Grazing represents the cheapest way to feed ruminants on a cost per pound of nutrient basis. Stored feed is usually the single largest item in livestock budgets, and cost or amount of stored feed is usually the best prediction of potential profitability in most beef operations.
Controlled grazing, intensive grazing, management intensive grazing, rotational grazing and intensive rotational grazing are only a few of the terms to describe intensive grazing.
Rotational grazing can help farmers to directly affect net profit by increasing animal products per acre, reducing costs of machinery, fuel and facilities, reducing supplemental feeding, reducing wasted pasture, improving the monthly distribution and yield of pasture, improving the distribution and use of animal waste and fertilizer, improving botanical composition of pasture, minimizing the daily fluctuations in intake and quality feed and more efficiently allocate pasture to animals based on quality needs.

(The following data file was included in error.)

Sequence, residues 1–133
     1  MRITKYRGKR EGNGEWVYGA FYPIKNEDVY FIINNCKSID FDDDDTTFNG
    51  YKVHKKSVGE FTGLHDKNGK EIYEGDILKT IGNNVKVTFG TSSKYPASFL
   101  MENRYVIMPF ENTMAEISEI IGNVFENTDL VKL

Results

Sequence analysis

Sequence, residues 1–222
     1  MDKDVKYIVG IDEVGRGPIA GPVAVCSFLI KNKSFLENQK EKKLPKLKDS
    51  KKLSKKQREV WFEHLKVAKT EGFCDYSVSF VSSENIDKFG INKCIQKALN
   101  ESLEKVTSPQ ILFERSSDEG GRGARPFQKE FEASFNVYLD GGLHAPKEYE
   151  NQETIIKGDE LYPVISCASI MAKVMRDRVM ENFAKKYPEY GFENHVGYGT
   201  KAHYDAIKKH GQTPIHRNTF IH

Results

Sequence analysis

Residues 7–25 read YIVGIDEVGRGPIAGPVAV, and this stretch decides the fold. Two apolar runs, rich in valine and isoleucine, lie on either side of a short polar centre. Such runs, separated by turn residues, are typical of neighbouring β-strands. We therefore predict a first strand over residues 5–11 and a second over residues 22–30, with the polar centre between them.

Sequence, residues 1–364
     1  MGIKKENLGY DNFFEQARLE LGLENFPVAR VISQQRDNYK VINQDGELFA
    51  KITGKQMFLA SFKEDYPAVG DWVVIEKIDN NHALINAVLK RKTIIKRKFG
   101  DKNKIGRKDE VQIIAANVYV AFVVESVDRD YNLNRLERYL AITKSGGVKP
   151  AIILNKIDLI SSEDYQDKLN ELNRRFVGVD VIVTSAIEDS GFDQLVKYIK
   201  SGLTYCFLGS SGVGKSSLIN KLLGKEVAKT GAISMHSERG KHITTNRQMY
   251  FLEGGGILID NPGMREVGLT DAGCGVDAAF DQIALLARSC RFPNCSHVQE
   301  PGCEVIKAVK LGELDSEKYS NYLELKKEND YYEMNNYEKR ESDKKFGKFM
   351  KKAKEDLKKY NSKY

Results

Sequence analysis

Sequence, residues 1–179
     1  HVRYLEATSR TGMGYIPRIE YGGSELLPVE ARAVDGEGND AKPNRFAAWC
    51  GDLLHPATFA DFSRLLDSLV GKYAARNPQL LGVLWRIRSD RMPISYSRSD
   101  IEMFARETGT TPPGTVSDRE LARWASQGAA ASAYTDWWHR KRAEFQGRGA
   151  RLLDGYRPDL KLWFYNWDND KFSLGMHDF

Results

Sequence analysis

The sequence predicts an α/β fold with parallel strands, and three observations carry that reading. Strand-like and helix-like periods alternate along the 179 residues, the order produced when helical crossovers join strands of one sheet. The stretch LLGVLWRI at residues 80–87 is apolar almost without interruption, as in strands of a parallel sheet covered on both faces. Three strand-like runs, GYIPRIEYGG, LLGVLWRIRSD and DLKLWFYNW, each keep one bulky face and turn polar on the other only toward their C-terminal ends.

Some benefits of more intensive grazing include better utilization of forages, increased yields, improved quality, extending the grazing season, better stand persistence, improved animal performance, better animal health, more environmentally friendly and greater economic returns.
Grazing is actually a tool or method that allows producers to efficiently harvest the forage with livestock and maintain the pasture in a productive state. Several methods can be used and each method requires management control to be successful.
The intensity of rotational grazing can vary greatly. This involves variable stocking rates that may be achieved by altering animal number per acre, altering the size of the land area to a fixed number of animals, harvesting surplus forage for hay, haylage or round bale silage and/or mowing excess growth and weeds.
LaRue county cattle producers should examine their grazing needs, pasture availability and feed costs to determine if more intensive grazing would benefit their farming operation.